Her cry for church sanctuary from government pursuit, a historical protection going back to medieval times, prompted instant headlines. TV crews surrounded the church on her July 20 deportation deadline; the state and city’s political hierarchy gathered inside to support Ms. Chavarria as she clung to her marginal place in America.
“I was furious,” Mr. Formica said of the sanctuary display. “I stormed into the church, profane and boorish, worrying how I’d ever get my client out of there past what I thought were crazy radicals.”
But then he slowed down, surveyed the scene and had to rethink the meaning of sanctuary. “It was Birkenstock grandmas, local church leaders, the governor and congressional delegation,” he said. And impassioned citizens, including a jaded Trump supporter who said he had come because he was friends with undocumented immigrants in the restaurant business.
Mr. Formica warily approached one community organizer, Kica Matos, a local firebrand in life’s various causes all the way to death row appeals. “For me, it was like meeting an extraterrestrial,” said the buttoned-down lawyer. “But then,” he conceded, “I found she knew what she was doing.”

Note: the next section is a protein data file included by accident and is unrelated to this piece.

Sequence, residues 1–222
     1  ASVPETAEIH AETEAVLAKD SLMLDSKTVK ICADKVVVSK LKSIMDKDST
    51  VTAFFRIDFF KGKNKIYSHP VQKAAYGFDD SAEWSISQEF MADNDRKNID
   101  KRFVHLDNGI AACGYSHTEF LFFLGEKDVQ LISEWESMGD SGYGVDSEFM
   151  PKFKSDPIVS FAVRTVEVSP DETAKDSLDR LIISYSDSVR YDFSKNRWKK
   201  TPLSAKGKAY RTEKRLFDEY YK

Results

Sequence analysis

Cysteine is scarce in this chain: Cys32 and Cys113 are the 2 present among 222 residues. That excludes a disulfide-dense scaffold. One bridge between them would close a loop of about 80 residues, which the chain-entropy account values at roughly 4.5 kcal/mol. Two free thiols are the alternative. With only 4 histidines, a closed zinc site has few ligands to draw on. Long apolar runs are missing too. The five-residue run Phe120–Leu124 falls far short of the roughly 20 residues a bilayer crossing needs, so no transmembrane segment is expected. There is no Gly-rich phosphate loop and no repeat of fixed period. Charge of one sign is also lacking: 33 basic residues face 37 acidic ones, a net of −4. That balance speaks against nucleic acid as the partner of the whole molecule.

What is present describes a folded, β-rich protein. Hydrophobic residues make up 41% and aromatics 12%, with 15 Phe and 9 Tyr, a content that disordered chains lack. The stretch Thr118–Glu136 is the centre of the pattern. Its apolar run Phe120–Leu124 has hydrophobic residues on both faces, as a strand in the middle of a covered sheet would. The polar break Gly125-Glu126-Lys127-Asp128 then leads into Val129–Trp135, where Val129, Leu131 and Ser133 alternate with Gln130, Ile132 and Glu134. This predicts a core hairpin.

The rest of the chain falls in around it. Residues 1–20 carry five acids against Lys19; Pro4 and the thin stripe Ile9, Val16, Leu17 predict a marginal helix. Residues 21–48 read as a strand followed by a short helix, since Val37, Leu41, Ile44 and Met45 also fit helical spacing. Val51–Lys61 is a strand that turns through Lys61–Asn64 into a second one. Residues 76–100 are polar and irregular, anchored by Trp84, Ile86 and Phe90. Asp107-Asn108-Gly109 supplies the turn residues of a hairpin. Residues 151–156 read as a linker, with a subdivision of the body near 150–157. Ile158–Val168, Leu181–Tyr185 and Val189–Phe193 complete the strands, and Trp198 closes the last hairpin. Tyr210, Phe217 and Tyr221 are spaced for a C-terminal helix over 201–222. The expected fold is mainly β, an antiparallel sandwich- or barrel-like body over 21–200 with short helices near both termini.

“I did a 180 on sanctuary right there,” Mr. Formica said. “I never thought in 20 years I’d ever see such an outpouring of support for one of my clients.” He thinks he overlooked early warnings when ICE agents he knew and trusted never dared return his phone calls as Ms. Chavarria’s deportation date approached.
His brush with sanctuary convinced him that a new regime is enforcing the Trump doctrine with a vengeance. “It’s ICE unchained, a rabid dog now, no limit in sight,” the lawyer summarized, sounding more sad than radicalized.
Powered by the church rally, Mr. Formica and others raced around to have Ms. Chavarria spared immediate deportation through an emergency stay from immigration court. She has left the church while her case is argued, but she is considered an “ICE fugitive” by the government, a higher-priority category for eventual deportation. Mr. Formica knows he must fight for her further and harder than ever. He tapped New Haven’s history as a sanctuary city by calling his friend Mike Wishnie, a professor at Yale Law School. He pleaded for a corps of sharp students for fast help in drafting what will be a complicated legal case.
“In four days, they turned around what I needed,” Mr….